Severe declining of ALSFRS-R and FVC

jethro

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i saw at bedlack's presentation where he states that when alsfrs-r starts to decline, it doesnt stop. as i remember, that "point" was" app mid 25 alsfrs-r. of course, it is individually. alsfrs declines lineary, fvc functionally.
does somehow FVC follows alsfrs-r? my fvc dropped app 10% and alsfrs didnt dropped such.
my alsfrs-r score didnt declined much in a last 12 months (all declining happend in a last 6 months, so it is not good idea to write such a thing now).
in a last year my fvc dropped from 97 to 84. i guess, most of "dropped" points happened in a last few months.
average falling alsfrs in a 1st year is 0,6 pts/month, 2nd year is app 0,34pts/month.
any comment?
 
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lgelb

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Three of 12 ALSFRS-R questions relate to breathing, so of course, they are related. But the FRS is not linear. It's categorical. People's scores therefore decline in a gradual but not completely predictable way. If you look at the questions, the "tipping points" for each number of points (0-4) are in no way evenly spaced. For example, the difference between two and three+ pillows is way smaller than the difference between three+ pillows and can only sleep sitting up. The worst level in that question, "unable to sleep," would mean death.

Nor do the 5 options for each question cover the waterfront in terms of possible situations, so it's sort of a "best approximation" assignment of scores in many cases.

For anyone interested, the scoring is easily obtained by Googling.
 

Kristina1

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im not 100% sure what you're asking here? but fvc is the breathing component in ALS. So it will affect your FRS scale in those 3 breathing questions Laurie mentioned. But I've heard of PALS whose breathing was affected last, so they had been in a wheelchair for years before needing breathing support. Or the other way around, breathing being affected early on and the PALS dying while still being able to walk and what not-- my doctor had had a bulbar onset patient like this that she mentioned to me when we were discussing progression and death in ALS.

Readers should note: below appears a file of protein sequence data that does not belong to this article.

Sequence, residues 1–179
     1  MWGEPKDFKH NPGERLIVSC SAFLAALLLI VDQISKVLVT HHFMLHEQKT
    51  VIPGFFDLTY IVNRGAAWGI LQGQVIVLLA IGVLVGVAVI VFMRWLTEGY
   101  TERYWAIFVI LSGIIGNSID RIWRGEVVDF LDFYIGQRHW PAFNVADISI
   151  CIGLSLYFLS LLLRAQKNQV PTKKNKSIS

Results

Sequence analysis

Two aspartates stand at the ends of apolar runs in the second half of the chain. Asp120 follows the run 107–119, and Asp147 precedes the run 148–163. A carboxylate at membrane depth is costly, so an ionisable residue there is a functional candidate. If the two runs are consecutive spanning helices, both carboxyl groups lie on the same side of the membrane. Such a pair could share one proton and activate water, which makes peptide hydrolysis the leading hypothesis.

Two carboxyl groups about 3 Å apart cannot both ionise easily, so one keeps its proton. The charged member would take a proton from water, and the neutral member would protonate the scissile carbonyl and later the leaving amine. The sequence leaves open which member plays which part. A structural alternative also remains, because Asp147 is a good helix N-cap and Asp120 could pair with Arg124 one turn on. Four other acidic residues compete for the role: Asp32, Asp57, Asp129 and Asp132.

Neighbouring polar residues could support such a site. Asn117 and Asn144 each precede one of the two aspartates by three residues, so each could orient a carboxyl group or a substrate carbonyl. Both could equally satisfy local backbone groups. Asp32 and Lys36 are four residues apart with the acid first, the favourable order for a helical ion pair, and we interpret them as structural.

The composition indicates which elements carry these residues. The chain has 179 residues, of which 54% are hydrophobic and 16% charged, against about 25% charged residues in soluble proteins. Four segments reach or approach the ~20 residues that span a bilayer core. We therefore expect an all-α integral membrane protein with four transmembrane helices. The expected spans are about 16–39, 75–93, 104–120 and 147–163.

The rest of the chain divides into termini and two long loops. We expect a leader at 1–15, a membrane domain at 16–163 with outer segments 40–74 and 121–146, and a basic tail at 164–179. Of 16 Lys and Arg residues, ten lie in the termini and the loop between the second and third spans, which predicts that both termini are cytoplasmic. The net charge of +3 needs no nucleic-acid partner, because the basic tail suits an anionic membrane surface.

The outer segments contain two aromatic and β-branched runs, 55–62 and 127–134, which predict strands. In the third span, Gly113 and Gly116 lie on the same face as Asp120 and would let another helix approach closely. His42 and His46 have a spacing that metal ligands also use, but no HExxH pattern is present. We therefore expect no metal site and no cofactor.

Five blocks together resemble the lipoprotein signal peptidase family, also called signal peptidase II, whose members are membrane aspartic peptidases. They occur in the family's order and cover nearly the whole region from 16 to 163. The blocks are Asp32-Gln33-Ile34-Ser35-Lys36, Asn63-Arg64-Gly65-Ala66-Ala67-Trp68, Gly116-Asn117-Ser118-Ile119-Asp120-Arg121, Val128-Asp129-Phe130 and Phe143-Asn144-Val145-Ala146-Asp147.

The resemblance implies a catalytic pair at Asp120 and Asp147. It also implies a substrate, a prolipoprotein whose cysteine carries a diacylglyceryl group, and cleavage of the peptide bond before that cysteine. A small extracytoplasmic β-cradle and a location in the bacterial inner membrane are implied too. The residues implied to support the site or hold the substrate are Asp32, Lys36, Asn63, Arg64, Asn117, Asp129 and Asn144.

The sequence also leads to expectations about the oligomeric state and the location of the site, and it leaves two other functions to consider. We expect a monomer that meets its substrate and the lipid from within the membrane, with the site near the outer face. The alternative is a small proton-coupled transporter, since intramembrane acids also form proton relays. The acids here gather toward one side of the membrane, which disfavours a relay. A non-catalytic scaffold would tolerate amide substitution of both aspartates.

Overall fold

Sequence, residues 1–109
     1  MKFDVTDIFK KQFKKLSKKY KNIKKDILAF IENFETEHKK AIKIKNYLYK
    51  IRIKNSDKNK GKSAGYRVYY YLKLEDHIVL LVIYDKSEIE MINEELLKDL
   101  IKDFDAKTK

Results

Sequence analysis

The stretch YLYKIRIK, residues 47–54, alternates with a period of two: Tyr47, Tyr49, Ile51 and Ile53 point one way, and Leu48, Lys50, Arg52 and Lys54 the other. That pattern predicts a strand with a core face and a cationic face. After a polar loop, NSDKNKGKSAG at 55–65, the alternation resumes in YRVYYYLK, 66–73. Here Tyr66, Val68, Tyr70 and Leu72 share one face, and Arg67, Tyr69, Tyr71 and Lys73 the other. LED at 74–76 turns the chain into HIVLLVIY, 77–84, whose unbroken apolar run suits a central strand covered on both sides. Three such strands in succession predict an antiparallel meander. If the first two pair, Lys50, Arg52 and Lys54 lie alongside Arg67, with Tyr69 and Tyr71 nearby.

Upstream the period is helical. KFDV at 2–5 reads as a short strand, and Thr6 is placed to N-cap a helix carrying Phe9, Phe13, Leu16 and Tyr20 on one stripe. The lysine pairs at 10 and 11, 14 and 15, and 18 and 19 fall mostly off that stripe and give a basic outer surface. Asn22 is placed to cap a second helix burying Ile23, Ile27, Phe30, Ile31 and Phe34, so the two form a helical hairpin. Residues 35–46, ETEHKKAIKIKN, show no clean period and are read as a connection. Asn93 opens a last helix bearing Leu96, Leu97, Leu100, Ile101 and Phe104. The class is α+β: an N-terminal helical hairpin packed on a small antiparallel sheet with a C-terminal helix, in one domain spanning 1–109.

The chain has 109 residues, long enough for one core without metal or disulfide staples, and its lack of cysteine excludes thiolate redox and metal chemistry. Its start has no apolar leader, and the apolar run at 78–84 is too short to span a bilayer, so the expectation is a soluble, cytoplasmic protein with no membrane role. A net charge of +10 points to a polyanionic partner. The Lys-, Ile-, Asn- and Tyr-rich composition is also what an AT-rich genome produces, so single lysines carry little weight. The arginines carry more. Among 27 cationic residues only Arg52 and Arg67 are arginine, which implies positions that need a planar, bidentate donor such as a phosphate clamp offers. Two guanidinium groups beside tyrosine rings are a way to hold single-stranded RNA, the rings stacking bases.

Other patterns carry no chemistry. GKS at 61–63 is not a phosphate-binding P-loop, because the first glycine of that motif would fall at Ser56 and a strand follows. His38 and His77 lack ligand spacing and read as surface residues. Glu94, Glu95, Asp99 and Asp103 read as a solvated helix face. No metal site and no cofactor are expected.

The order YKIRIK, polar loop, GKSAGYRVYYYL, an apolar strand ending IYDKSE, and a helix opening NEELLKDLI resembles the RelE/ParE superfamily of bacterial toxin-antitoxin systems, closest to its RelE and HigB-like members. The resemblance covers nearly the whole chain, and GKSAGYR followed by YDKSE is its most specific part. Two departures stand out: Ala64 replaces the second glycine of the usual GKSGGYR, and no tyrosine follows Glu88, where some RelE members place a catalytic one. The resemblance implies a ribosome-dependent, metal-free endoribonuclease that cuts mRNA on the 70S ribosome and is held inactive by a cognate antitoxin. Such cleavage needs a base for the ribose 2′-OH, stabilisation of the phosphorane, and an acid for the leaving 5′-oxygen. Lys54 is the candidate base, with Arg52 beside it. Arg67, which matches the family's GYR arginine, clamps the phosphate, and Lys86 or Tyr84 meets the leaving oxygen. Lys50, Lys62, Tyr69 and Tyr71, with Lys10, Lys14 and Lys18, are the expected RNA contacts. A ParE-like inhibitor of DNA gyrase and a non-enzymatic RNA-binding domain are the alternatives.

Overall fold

In my personal opinion I don't find FRS scores to be very useful beyond their purpose as a [frankly somewhat crude] tool to quantify/measure patient progression in research studies. The answer choices for each question tend to be somewhat subjective and usually encompass a large range. By range I mean, taking question 1 for example, I have been on "intelligible with repeating" for a LONG time. In the beginning I qualified because people would need me to repeat a word once every few sentences. Gradually I have had to repeat myself more and more. So that answer has the potential for a really wide range of speech intelligibility. And I find most of the questions are like that, **especially** around the third answer. For the longest time I went down about 1 point per month, but my score got to 24 and then stayed there for 6 months, losing a single point this month. And it's because most my answers are the 3rd or 4th one, and there's been a long range of decline that still fits under the same answer.
 
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